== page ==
Her Royal Highness Crown Princess Victoria of Sweden presented the Junior Water Prize yesterday evening in Stockholm at the Grand Hotel.
The 2017 prize was given to Ryan Thorpe and Rachel Chang from the United States. They created a system, argued to be better than conventional methods, which will detect and purify water that is contaminated with bacteria and diseases like E. coli and Cholera.
Fitting with the green spirit of World Water Week, the Crown Princess wore a top and skirt by Gestuz, according to the UFO No More fashion website. Her ensemble was made up of 23 recycled plastic bottles.
It was her second day of involvement with World Water Week this year. On Monday, Her Royal Highness attended a seminar on antibiotic resistance at Folkets Hus. The Royal Court explained that the lecture was about “how the spread of antibiotic resistance threatens sustainable development globally, about the consequences and what we can do to reduce the problem.”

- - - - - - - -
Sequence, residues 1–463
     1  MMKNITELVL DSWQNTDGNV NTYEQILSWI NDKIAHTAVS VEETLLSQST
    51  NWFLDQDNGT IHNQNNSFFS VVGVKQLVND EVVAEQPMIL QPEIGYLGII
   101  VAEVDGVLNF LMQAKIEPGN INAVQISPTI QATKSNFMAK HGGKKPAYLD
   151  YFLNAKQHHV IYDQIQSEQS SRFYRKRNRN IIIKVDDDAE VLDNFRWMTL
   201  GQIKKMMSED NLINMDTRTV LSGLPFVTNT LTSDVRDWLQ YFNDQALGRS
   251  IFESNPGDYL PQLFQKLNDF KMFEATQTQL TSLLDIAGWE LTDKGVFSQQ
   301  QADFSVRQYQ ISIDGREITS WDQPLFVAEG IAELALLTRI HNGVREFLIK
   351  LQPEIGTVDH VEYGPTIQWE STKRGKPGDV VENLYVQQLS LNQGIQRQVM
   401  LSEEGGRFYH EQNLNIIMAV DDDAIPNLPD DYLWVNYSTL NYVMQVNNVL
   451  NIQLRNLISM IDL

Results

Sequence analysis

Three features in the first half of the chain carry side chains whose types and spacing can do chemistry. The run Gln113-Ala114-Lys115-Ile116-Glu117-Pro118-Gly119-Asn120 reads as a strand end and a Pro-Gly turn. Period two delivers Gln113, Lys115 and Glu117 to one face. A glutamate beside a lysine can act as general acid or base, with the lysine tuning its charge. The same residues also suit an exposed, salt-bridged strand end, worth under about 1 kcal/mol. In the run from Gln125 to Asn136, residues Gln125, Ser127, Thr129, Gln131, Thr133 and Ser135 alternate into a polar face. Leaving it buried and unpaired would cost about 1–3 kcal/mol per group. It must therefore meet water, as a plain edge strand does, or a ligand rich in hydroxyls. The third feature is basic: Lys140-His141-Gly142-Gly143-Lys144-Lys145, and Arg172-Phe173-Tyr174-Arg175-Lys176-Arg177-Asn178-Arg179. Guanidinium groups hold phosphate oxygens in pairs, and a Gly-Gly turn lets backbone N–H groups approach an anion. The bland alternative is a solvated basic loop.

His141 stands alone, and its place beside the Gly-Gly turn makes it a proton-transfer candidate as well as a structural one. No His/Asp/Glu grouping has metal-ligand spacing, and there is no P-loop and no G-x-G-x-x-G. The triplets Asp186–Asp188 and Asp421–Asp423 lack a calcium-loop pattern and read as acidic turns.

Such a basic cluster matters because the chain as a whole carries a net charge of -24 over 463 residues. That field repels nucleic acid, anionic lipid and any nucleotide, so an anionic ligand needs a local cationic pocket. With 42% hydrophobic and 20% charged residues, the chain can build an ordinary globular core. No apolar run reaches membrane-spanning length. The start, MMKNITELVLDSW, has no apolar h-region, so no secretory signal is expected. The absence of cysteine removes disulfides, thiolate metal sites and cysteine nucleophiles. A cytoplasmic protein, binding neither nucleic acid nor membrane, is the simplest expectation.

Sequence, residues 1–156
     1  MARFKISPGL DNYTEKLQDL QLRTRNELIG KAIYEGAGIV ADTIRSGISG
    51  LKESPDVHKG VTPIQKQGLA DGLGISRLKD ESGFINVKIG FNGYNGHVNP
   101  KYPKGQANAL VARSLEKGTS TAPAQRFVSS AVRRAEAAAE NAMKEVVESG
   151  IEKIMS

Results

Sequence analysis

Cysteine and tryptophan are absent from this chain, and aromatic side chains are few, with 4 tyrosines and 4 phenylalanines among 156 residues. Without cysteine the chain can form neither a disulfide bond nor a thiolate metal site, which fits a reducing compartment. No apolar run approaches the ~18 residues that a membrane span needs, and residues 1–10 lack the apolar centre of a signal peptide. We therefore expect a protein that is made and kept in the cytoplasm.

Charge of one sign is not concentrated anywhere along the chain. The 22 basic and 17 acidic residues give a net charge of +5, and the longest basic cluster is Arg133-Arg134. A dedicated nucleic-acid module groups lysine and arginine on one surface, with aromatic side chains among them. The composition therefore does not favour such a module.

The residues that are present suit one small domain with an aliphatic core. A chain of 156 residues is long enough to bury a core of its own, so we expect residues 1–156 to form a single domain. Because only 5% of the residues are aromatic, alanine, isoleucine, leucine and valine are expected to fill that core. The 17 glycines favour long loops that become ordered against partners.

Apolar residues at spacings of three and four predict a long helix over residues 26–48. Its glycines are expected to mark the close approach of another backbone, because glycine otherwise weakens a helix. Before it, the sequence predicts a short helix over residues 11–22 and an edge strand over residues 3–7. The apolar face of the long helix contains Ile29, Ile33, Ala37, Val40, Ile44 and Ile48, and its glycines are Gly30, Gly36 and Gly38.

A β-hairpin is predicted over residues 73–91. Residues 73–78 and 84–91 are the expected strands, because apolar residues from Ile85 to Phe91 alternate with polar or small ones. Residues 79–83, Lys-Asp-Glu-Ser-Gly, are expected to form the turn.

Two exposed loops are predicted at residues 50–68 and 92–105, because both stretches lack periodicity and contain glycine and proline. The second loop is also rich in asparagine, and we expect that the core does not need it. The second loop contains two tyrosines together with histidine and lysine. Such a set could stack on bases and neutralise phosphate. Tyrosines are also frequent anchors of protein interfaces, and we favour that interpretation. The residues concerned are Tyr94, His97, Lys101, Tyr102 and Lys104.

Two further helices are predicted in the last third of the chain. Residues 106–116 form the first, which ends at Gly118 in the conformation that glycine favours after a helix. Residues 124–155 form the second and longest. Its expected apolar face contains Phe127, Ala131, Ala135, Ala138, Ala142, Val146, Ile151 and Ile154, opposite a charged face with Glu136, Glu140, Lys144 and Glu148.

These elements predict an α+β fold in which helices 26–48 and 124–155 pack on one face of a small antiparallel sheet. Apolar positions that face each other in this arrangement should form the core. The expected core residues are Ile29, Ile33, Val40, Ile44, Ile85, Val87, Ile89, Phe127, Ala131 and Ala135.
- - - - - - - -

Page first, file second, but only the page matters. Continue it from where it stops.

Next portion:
After the seminar had concluded, the Crown Princess attended a meeting where global goals and water were discussed with the chairman of the UN General Assembly, Peter Thomson; the head of SIWI’s work on water and food issues, Karin Glaumann; and one responsible for SIWI’s work on water and pharmaceuticals, Nicolai Schaaf.
She also spoke at the event last year where she spoke about how her daughter, Princess Estelle was “very keen on swimming.” However, due to the water being unhealthy, the Crown Princess said many parents were “forced to say no when their children wanted to jump into the sea.” She added that this was an alarming sign of how the marine environment was “under great stress.”
World Water Week lasts from 27 August to 1 September in Stockholm. Later today, King Carl XVI Gustaf, as the patron, will present the Stockholm Water Prize at Stockholm City Hall.